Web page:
Friday, 27 December 2019

Botanical Highlights from 2019

Every year my partner and I find some amazing botanical treasures, but with each new find the one before fades into memory until they become forgotten, even after a short time. Thankfully, as a botanical recorder, I can jog my memory by looking back at my record sheets to renew my aging memory, so here are some of the highlights of our finds from 2019.

16/05/19 - Vicia panonnica Ssp panonnica 
Hungarian Vetch- as described in BSBI News, Aliens and Adventives


On this day I found a substantial colony of V. panonnica on both verges of the B260 for a hunded metres or so east of the A282 bridge (nr Dartford).
There were hundreds of plants in flower, which at first I thought were anthocyanin deficient V. sativa plants (Common Vetch). I posted some photos on Twitter of it and a botanist suggested V. panonnica which it subsequently turned out to be.
However, this was not a first for VC16 West Kent as described below.

In 1977 V. pannonica (Hungarian Vetch) was found by G. Joyce on a motorway slip road in TQ57L and refound in the 1990s by Eric Philip presumably at the same location. This description would likely be one of the slip roads from the M25/A282 onto the A2 at that time.
It is unlikely that this would be on the B260 as it crosses high over that road. However, in the late 1980s, the A282 was widened and the bridge carrying the B260 was realigned and lengthened. This required the import of large amounts of earth and sand  to complete. The sandy soil can still be seen today around the bridge area even though there is much scrubbing over. Either side of the bridge area, the soil reverts to thin turf over chalk.
I believe it was during these works that V. panonnica was introduced to the B260 verges. It could have been from amenity sowing when the works were complete or from seeds picked up by machinery working on the motorway below.
Also of note, is that this same area has hundreds, possibly over a thousand Lathyrus aphaca plants which are absent from the rest of the immediate area. This possibly lends weight to the theory that both plant species arrived by amenity sowing after the roadworks were completed.
V. panonnica has not been found anywhere else in East or West Kent. It resembles a sturdy Vicia sativa Ssp. segetalis but is hairier and mostly has more leaflets as well. Of course the dirty white flowers with brown veins is distinctive in itself.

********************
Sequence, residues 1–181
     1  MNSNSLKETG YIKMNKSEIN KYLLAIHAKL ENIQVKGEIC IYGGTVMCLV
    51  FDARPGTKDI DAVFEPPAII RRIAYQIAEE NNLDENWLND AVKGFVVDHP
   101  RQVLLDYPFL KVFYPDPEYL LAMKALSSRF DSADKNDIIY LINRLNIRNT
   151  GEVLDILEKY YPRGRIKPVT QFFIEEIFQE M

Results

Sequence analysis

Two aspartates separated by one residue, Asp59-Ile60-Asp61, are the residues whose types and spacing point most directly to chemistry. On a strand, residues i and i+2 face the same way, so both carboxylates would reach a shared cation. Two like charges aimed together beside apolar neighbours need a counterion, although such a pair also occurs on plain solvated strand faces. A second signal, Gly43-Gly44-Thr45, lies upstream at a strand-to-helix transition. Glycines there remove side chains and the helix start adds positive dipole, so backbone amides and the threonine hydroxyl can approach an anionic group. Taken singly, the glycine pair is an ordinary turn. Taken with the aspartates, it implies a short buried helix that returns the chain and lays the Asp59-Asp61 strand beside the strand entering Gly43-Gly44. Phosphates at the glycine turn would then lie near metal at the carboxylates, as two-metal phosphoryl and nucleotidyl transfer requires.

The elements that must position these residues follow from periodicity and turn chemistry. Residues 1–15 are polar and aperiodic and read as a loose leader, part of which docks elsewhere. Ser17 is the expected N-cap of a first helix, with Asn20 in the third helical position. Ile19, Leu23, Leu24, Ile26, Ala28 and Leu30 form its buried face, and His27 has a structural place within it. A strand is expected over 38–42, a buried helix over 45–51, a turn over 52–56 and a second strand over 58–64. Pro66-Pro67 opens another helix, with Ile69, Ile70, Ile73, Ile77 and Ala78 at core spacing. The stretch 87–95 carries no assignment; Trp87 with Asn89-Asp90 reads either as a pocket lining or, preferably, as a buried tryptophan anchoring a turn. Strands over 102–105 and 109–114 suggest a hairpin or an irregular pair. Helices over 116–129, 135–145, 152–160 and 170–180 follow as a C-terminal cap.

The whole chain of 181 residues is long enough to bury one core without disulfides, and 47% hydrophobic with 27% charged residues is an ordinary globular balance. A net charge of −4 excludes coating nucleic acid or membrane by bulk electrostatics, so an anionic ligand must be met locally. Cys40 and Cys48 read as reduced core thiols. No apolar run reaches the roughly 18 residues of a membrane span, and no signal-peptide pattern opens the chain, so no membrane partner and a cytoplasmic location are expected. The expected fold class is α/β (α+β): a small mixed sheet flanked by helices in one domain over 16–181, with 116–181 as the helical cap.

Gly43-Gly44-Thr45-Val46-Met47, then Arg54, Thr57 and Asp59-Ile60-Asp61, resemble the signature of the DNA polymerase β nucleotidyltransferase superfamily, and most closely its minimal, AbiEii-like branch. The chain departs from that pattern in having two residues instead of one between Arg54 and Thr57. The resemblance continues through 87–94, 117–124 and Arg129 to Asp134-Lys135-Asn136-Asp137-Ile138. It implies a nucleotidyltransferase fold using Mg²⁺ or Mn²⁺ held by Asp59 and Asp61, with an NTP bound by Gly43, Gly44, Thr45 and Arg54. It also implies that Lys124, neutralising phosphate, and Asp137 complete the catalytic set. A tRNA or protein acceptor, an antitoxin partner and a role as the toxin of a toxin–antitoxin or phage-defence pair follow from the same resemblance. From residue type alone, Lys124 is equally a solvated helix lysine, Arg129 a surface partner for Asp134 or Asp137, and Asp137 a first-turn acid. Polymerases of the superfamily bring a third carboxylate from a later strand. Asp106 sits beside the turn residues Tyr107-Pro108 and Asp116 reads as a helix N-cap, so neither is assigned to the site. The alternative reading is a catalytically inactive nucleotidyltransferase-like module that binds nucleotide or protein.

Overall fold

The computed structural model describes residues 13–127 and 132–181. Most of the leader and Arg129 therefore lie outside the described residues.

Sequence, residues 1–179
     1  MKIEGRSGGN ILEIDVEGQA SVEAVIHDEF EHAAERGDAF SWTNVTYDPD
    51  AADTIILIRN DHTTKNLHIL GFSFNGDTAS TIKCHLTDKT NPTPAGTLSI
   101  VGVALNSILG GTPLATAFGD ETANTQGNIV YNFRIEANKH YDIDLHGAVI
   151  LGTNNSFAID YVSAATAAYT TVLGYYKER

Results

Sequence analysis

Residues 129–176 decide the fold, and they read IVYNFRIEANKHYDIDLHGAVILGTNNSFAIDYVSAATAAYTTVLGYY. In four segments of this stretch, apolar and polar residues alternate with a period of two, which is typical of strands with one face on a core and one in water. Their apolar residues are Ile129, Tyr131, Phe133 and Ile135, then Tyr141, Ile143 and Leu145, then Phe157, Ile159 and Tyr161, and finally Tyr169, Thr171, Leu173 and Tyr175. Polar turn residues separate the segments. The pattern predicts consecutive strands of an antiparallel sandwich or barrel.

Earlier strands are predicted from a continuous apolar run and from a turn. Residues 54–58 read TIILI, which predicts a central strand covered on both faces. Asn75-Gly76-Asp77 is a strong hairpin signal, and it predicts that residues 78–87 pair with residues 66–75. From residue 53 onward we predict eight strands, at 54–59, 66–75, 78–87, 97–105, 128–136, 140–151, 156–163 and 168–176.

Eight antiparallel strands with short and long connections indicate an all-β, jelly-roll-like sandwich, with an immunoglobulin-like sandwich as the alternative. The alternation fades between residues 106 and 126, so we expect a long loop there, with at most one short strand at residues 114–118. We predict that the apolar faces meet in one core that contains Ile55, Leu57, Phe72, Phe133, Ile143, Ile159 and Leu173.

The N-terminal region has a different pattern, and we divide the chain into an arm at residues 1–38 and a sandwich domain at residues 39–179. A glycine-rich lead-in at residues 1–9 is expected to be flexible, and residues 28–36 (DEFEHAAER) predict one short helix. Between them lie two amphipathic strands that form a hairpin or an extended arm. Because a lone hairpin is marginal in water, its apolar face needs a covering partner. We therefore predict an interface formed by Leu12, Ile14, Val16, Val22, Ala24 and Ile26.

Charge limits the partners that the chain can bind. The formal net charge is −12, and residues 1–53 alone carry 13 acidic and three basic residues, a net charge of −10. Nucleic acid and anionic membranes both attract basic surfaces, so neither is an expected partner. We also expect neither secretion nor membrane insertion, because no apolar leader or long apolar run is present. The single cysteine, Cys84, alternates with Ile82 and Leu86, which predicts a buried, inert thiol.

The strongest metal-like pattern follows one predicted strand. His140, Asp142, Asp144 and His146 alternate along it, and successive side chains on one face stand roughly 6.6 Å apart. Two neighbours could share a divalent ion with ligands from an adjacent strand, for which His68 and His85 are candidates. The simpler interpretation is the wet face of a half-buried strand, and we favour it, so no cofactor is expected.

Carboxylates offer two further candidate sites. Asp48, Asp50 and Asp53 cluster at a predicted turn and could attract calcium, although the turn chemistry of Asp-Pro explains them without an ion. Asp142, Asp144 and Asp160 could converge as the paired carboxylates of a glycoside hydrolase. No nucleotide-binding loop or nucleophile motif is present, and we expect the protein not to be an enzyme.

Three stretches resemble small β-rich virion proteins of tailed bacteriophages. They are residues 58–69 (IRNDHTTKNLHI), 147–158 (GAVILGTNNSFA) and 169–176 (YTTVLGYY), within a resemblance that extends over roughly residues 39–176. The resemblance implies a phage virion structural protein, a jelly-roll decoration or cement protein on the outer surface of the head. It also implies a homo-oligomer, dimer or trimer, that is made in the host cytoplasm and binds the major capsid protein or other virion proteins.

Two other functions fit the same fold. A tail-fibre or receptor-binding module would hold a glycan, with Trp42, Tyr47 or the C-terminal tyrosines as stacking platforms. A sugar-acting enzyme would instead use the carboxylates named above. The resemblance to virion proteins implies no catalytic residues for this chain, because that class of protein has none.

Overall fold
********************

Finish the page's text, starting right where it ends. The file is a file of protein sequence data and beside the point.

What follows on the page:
27/04/19 Ophrys sphegodes 
Early Spider Orchid
 Myself and my partner found 9 flowering plants along the sea wall in TR0826 and TR0825 Littlestone Warren.
This new colony of orchids was between two known colonies; the massive population at Samphire Hoe and the single plant left at Dungeness, many miles to the east and west. I'm amazed I got any in focus photos as Storm Hannah was belting through this day and the wind was gale force.
This find plugged the gap between those populations and was a significant discovery as they had never been recorded in this area before. A few more plants were found by others a few days later when they went to see them.

Here's a habitat photo for them.

14/06/19 - Himantoglossum hircinum 
Lizard Orchid
Imagine finding one of these in full flower jut a few hundred yards from where you live. You've walked this area many times and never seen this orchid here before. In this case, I was walking along looking to add Ophrys apifera (Bee Orchid) to the monad records and suddenly stumbled upon this! 
There was something prophetic about named storms for me this year. I was only out for a short walk locally as Storm Hector was battering the UK, unusual for June The storm put me off going further afield, so I wouldn' have found this without that diversion. Tale a look at the lizard orchids' individual flowers; they were all blown to face the same direction from the strong persistant wind this day and the next.
 Unfortunately the record is just within TQ56 which includes the well known plants at Lullingstone.
I found the plant only about 100m away from TQ66 with the last definite record for this species being found there in 1924. It was also only about 300m away from TQ57 which shares a record with the famous botanist Robert Pocock who found it in Dartford in 1800.  1921 was the last record here too. As such, the discovery of this plant suggests an expansion of H. hircinum to that of almost a century ago, an encouraging sign. Another plant discovered in the London Borough of Bromley by a railway station also seems to confirm this.

23/08/19 - Lathyrus hirsutus
Hairy Vetchling

Swanscombe Marshes have been well documented by botanists pending the whole peninsular being re-developed, or so one would think. However, there were two monads (1km x 1km OS map squares) to the east that had been missed. So I set out this day to put that right.
At first I thought these were a late flowering Common Vetch, but a closer look showed their colours to be totally different with almost white wings and keel set against a deep pink/purple standard.
After some research when I got home, I found them to be Hairy Vetchlings, a first for me and a rare plant in Kent. Unknown to me at that time was that they had been recorded nearby, but not in the monads I had found them in.